Congressman Devin Nunes has reportedly filed a defamation lawsuit in Virginia state court against Twitter, Republican political consultant Liz Mair, and two parodical Twitter accounts (@DevinNunesMom and @DevinCow) seeking at least $250 million in compensatory and punitive damages. The lawsuit alleges, among other things, that Twitter is intentionally refusing to enforce its Terms of Service and Twitter Rules against accounts that supposedly attempt to defame conservative individuals such as Nunes.
The complaint further alleges that Twitter “intended to generate and proliferate false and defamatory statements” about the congressman to influence the midterm elections; tried to “intimidate” him; and sought to “interfere with his important investigation of corruption by the Clinton campaign and alleged Russian involvement in the 2016 Presidential Election.” At the time of writing, one of the Twitter accounts named as a defendant, @DevinNunesMom had been suspended, but @DevinCow was still active.
Defamation lawsuits by public figures are subject to a high standard under New York Times Co. v. Sullivan. In that case, the Court held that a public figure alleging defamation must allege “actual malice”—that is, that the defendant made the statement with knowledge of its falsity or with reckless disregard to whether it was true or false. Additionally, a safe harbor provision of the Communications Decency Act of 1996 insulates internet service providers, including social media sites like Twitter, from liability for content published on their platforms by third parties. Given these legal hurdles, some have described Nunes’ lawsuit as a “publicity stunt.”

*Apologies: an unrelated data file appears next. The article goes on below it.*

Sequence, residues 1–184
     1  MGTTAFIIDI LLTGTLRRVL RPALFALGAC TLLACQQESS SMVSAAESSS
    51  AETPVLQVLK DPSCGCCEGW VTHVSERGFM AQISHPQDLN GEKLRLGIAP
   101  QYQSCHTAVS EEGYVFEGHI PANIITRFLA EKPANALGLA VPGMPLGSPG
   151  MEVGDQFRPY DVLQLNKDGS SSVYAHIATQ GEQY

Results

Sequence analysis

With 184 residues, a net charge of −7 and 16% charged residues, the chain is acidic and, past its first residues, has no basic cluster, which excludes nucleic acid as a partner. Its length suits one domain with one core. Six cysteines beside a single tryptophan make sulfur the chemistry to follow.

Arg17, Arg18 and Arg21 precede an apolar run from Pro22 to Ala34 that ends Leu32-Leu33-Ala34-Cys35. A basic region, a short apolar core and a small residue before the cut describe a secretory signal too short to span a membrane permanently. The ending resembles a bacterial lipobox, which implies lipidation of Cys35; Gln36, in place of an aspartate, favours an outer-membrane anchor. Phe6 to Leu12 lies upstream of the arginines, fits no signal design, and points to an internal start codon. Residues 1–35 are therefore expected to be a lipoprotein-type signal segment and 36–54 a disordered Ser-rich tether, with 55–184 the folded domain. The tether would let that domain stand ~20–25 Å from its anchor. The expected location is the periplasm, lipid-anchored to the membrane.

‘This was an orchestrated effort’: Devin Nunes sues Twitter, ‘Devin Nunes’ cow’ for defamation, Washington Post, March 19, 2019